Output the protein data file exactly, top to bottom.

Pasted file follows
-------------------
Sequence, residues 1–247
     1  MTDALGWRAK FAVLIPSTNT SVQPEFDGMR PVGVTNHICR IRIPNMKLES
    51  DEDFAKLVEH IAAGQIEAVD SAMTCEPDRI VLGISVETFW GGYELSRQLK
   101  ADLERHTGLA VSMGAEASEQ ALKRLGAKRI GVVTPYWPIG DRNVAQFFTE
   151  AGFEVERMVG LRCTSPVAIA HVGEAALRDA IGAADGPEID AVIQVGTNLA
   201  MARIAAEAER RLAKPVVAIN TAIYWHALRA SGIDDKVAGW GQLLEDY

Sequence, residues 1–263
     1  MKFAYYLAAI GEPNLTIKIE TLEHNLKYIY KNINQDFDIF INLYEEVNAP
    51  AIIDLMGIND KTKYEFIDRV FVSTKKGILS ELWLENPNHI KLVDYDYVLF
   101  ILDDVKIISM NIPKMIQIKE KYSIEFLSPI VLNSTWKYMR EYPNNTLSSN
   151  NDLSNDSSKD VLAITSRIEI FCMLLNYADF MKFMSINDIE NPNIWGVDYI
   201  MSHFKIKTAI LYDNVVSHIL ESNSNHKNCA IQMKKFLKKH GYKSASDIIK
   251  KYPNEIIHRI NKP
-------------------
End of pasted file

Sequence, residues 1–247
     1  MTDALGWRAK FAVLIPSTNT SVQPEFDGMR PVGVTNHICR IRIPNMKLES
    51  DEDFAKLVEH IAAGQIEAVD SAMTCEPDRI VLGISVETFW GGYELSRQLK
   101  ADLERHTGLA VSMGAEASEQ ALKRLGAKRI GVVTPYWPIG DRNVAQFFTE
   151  AGFEVERMVG LRCTSPVAIA HVGEAALRDA IGAADGPEID AVIQVGTNLA
   201  MARIAAEAER RLAKPVVAIN TAIYWHALRA SGIDDKVAGW GQLLEDY

Sequence, residues 1–263
     1  MKFAYYLAAI GEPNLTIKIE TLEHNLKYIY KNINQDFDIF INLYEEVNAP
    51  AIIDLMGIND KTKYEFIDRV FVSTKKGILS ELWLENPNHI KLVDYDYVLF
   101  ILDDVKIISM NIPKMIQIKE KYSIEFLSPI VLNSTWKYMR EYPNNTLSSN
   151  NDLSNDSSKD VLAITSRIEI FCMLLNYADF MKFMSINDIE NPNIWGVDYI
   201  MSHFKIKTAI LYDNVVSHIL ESNSNHKNCA IQMKKFLKKH GYKSASDIIK
   251  KYPNEIIHRI NKP